Industry 4.0 is on everyone’s lips! The forthcoming Hanover Fair and CeBIT will certainly enhance the relevance of this topic, highlighting many facets. While at CeBIT, the topic of Industry 4.0 will be discussed by business processes, applications and IT services, and where, for example, ERP and MES providers such as SAP, PSI Penta and others present themselves under this flag, are at Hannover Fair rather represented the true industrial specialists with a commitment to manufacturing, sensor technology and electrical engineering. The perspective on the topic is thus illuminated from two angles:
The approach to the complex topic Industry 4.0 is therefore very different and has the consequence for involved providers to have to exchange with the other camp from above or below in the sketched stack at some point. Business decision-makers, CIOs and even IT experts can not avoid defining the intersection with the lower layers of the embedded OS, CPUs and Smart Sensors.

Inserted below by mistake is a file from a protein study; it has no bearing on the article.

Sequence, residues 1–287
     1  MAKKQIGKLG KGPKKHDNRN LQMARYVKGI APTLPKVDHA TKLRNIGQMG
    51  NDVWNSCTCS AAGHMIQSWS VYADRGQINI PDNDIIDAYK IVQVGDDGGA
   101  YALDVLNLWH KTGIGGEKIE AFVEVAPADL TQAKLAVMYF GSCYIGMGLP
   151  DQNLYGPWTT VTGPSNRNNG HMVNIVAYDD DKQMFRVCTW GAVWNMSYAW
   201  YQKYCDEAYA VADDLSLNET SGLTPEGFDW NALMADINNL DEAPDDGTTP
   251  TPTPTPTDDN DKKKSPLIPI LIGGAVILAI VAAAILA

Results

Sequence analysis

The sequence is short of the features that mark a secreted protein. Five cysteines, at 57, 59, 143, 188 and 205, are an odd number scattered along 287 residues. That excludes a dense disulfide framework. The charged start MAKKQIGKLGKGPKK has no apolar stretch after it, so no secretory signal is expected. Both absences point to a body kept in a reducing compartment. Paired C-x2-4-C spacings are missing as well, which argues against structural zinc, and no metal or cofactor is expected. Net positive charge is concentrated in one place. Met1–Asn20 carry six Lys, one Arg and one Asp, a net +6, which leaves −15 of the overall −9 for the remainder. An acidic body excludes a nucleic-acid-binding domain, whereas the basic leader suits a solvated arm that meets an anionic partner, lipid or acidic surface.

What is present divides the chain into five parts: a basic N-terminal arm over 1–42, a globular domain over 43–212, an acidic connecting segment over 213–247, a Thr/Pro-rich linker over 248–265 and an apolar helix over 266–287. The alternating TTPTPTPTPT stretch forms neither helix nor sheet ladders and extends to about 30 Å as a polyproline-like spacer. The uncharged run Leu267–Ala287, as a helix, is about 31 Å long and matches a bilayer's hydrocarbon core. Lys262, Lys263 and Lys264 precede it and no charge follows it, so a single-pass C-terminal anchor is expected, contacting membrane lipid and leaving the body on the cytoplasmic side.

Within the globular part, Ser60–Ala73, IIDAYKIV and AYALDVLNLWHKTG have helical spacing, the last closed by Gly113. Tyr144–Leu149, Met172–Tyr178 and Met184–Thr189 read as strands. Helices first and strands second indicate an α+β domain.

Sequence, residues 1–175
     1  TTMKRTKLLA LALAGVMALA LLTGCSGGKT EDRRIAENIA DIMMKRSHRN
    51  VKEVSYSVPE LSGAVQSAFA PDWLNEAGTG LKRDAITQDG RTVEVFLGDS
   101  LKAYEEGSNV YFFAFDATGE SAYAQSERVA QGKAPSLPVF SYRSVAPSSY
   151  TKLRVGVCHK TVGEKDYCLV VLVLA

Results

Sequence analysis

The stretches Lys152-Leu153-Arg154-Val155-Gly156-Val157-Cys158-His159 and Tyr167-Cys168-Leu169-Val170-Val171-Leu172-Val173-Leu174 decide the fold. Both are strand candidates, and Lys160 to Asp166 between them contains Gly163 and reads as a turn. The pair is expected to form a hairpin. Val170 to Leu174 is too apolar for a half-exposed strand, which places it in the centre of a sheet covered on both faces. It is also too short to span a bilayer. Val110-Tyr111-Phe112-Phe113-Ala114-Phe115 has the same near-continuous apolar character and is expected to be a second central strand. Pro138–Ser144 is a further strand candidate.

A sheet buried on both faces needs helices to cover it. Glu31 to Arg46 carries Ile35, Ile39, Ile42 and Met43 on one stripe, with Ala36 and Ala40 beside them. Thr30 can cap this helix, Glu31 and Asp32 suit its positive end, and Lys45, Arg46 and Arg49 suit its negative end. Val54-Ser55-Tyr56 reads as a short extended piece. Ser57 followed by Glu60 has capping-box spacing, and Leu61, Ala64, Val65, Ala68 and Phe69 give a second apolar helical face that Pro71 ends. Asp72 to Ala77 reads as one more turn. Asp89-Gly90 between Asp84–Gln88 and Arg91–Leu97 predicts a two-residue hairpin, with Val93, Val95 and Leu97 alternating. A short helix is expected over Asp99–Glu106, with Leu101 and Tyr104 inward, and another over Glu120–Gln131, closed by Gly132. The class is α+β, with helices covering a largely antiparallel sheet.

The topic now forces these hitherto largely separate parties to exchange views and approach each other. In addition to security issues across all layers, the challenge is to present tangible use cases, installations, and visions of the future. However, a deep common understanding of the players operating in this value added network is so far in short supply.
From the USA and Korea, meanwhile, the Internet of Things spills over the pond and describes a very similar world in many places – public or virtual private cloud computing is a prerequisite. The only difference is that the “Internet of Things” appears to be less constrained and less subject to regulations and security concerns. Moreover, the idea consistently goes beyond new opportunities of industrial networking and adjacent networks.
The industrial location of Germany has to be careful not to miss its chance and to set the right course!